Now the question is how to bring all of this together with integrity and ensure we are living the integrated life with our profession.  People must see God in the way we are living our life in the marketplace.  What we are on the inside is the same as how we act on the outside. Most of us are not called to leave the marketplace – but to fulfill our wiring in ways to accomplish God’s purposes. Loving God! Loving our neighbor!  Bringing others to follow him! This is the WHY for life.

For those of us in business, we love God by living honestly and with excellence; we can love our neighbor by creating jobs; we can show others how to follow Jesus by living our lives with kingdom values.   That is our purpose – we need to start now where we are – and then that becomes a transferable model to all places on earth.  This short video helps demonstrate this:  http://vimeo.com/73684887

3. Product

This next step builds on the first one – WHO we are – and asks “WHAT do I have to contribute in the marketplace?”  We are all producing members of society.  Every business has a product which is offered to the customer.  Every individual brings his/her ability to produce something which the business and the marketplace needs.

My friend has discovered that he has the ability to trade agricultural commodities for the benefit of his large trading firm but also to the benefit of the ultimate consumer.  He has a key part in the business transactional process.  He understands what he brings to the marketplace.  He sees the big picture – from the farmer in the field planting his grain to the ultimate vision, the end product – feeding the hungry of the world.  In short this third ‘P’ requires a clear understanding of how we fit in the grand scheme of ultimate purpose.

4. Plan

Most successful endeavors require a plan – the strategic understanding of HOW to achieve the purpose of the business and person.  In terms of the next steps described here, a plan could involve:

  1. Keeping current on our profession being excellent in everything.
  2. Doing all we can to understand our part in Business as Mission by reading websites like www.businessasmission.com; www.understandbam.com; www.agoraenterprises.org; www.thirdpathinitiative.com; www.ibecventures.com.
  3. Reading books like The Integrated Life, Ken Eldred; God is at Work, Ken Eldred; Globalization, Bob Roberts; Business as Mission, Mike Baer.
  4. Taking a trip to a kingdom business in a foreign country to see for yourself how it works and seek to contribute to company needs.  Check out the videos on IBEC’s website.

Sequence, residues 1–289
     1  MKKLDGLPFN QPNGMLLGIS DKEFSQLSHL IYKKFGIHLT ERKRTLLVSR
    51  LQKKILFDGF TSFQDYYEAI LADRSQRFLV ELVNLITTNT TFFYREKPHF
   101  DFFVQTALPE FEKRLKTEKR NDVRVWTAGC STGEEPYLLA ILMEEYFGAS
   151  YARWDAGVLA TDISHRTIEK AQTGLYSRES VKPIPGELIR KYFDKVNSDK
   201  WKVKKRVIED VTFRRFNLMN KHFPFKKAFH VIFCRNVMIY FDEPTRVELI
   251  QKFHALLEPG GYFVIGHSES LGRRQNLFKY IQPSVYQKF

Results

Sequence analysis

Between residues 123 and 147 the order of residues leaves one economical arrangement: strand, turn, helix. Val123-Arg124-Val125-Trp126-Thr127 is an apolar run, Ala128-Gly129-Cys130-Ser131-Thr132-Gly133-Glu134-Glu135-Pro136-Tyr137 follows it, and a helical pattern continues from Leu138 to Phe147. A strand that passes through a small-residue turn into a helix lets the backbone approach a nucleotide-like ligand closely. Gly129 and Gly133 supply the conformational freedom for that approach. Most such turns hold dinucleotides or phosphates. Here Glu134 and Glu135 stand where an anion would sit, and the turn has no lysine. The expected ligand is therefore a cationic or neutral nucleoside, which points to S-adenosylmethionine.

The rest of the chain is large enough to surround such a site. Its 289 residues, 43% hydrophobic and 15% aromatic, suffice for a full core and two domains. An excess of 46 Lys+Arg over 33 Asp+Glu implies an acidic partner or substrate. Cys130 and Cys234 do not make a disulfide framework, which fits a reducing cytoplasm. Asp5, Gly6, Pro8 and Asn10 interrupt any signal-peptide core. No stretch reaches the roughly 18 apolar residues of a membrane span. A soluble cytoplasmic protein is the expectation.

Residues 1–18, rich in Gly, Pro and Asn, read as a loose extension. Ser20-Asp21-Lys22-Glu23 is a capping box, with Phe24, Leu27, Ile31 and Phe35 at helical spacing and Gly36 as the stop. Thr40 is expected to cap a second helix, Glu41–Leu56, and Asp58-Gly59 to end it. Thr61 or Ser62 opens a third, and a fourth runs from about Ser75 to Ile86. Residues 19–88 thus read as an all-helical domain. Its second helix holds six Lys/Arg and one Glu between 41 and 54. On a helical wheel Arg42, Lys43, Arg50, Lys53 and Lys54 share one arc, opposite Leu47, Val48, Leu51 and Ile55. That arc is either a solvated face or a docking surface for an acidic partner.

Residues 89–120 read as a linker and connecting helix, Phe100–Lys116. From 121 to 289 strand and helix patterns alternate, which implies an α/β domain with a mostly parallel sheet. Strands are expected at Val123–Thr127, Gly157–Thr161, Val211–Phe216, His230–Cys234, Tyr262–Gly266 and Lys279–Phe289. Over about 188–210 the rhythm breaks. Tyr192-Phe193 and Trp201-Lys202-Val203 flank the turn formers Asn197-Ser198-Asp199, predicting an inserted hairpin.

5. Being an advocate for an integrated life in your company, community and church by promoting seminars and a NewVo Business (www.newvobusiness.com) chapter.
  6. Attending a BAM conference. Contact:  info@ibecventures.com for some ideas.
  7. Get involved in some place in the world.

5. Place

The final step is a natural progression from the Plan – i.e. get involved.  That does not necessarily mean you move to some faraway place.  Take some small steps first. It can involve connecting with an overseas business, explaining your expertise and offering to be a consultant, a coach or a Subject Matter Expert.  For example our friend with experience, interest and training in the agricultural sector may want to connect with an agriculture business in Asia – helping with trading/marketing their product.  The place of involvement depends on the opportunities at the moment, the individual’s interests, the timing, and willingness to take the next step.  This is the WHERE of involvement.  IBEC Ventures can help with these connections.

By following these five “easy” sequential steps one will find that they are not easy in the sense that challenges and hurdles will surface; but the rewards in the end will be without equal.  We will be living our lives in missional, integrated ways – all the while bringing “love” to the needy and Jesus to the unreached.

Larry W. Sharp, Director of Training, IBEC Ventures

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Business As Mission: what do I have to offer?

Sunday, November 02, 2014

This question is sometimes asked by North American kingdom business persons who own or manage businesses: “What can I offer as consultant, advisor, mentor or coach?”  It is a natural question for business persons living and working in a very different context from a business startup in Asia, Africa or the Middle East.

What is business anyway? Is it not something like this: an organization with appropriate management that provides a good or service and is created to earn a profit, serve customers and create jobs, community value and increase wealth? That is universal. Followers of Jesus have an integrated kingdom perspective in all they do (1 Corinthians 10:31) so they operate businesses for the glory of God. Faith is integrated into daily work.

A person who has owned a small or medium-sized business (or has worked in the management of such) has likely learned a great deal about one or more of the following. The things that have been learned can be passed on in a consulting, coaching, teaching or mentoring venue.

Entrepreneurial Ability